There are other things to consider are the letters that follow the processor number since it will let you know if the processor is a quad core, high performance, ultra low voltage, etc. More information can be found here: http://www.intel.com/content/www/us/en/processors/processor-numbers.html.

    The processor speed in GHz would be the main indicator of performance, but the level 1, level 2, and so on, cache size as well as bus speed would have its part in performance and speed, as well. This is why some processors with the same GHz speed may perform worse that others. However, instruction sets and how the processor is coded to process everything can also influence performance and speed, which is why Intel processors perform better in compute processing than AMD processors, even if the AMD processor has a higher GHz speed.

    As far as number of cores versus generations in terms of speed, I'm not clear on what you are asking. The higher the core count, the better the ability to multitask, so long as there is sufficient RAM. A dual core second generation processor versus a quad core third generation processor, the quad core may perform better as long as the GHz is the same or higher for the quad core, but the difference may not be very noticeable except during heavy processing with multiple processes. If the dual core processor has higher GHz speed, then in most cases it would faster than a quad core. Remember that most times programs are coded only to use a single processor core, some programs can use two cores. More than two cores being used is rare in a single program. This is why a dual core processor with a speed of 2.5GHz or more will beat a quad core or higher processor that runs at 2.2GHz or lower most of the time, only when heavy multitasking well the quad core perform better...possibly. There are many other factors involved, such as instruction sets if there are any changes, L1 and other L cache differences, and if there are any graphics processing differences and the programs can use the graphics processing. In general, I would go for higher GHz over more cores, especially for basic or moderate computer needs.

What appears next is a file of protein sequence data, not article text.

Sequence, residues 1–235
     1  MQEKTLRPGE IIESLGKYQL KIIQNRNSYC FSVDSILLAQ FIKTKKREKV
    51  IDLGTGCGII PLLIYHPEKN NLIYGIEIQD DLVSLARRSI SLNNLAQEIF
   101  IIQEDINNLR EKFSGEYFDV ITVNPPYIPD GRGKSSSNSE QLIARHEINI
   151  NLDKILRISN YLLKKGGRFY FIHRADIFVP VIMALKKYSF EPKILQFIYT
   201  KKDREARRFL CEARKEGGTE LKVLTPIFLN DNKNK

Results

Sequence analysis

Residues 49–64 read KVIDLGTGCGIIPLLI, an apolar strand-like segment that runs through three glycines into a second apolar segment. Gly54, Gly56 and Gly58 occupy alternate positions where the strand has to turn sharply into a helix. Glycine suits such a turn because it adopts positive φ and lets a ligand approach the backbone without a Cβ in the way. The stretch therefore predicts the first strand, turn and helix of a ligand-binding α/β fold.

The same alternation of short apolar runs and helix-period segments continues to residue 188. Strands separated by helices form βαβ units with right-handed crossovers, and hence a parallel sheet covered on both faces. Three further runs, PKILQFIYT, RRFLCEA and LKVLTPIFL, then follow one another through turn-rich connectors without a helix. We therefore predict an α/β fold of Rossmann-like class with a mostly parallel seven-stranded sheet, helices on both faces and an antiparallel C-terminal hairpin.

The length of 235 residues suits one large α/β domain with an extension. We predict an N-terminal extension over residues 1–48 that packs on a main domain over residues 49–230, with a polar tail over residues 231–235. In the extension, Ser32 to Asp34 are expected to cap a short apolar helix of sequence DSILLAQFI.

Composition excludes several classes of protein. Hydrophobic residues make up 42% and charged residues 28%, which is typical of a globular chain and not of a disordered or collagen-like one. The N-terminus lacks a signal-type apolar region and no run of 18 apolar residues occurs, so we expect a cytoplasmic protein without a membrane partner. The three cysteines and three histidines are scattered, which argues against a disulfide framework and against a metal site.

• Sunil
      September 4, 2014 at 4:31 pm

      Thanks. Your expertise in Info technology is great

  3. Dalsan M
    August 31, 2014 at 11:29 pm

    An average user, one that browses the internet, creates and edits word documents, occasionally streams videos and music, and possibly does very light gaming such as on Facebook, would only need a dual core processor from within the post 5 years. The latest 4th generation "i" series Haswell Intel processors are beyond the requirements of general users, but helps with furthering the lifespan of the computer by being a little more future-resistant. For budget-minded users, a system with an AMD A6 or better APU/processor would be recommended due to the better performing graphics processing. However, if compute processing power is something one wants more than graphics processing power, a newer generation Intel Pentium or 2nd to 3rd generation i3 processor would be better. Dual core processors would be sufficient for general use, along with having around 4GB RAM installed.

    The processors to stay away from so that there would not be as much disappointment would be the Intel Celeron and AMD "C" and "E" series processors as these are very slow, low budget processors that belong in netbooks or Chromebooks. Even if one were to have 8GB of RAM or more on these systems, Windows would be slow, stutter often, and leave many users frustrated on having to wait while opening programs or even switching between programs.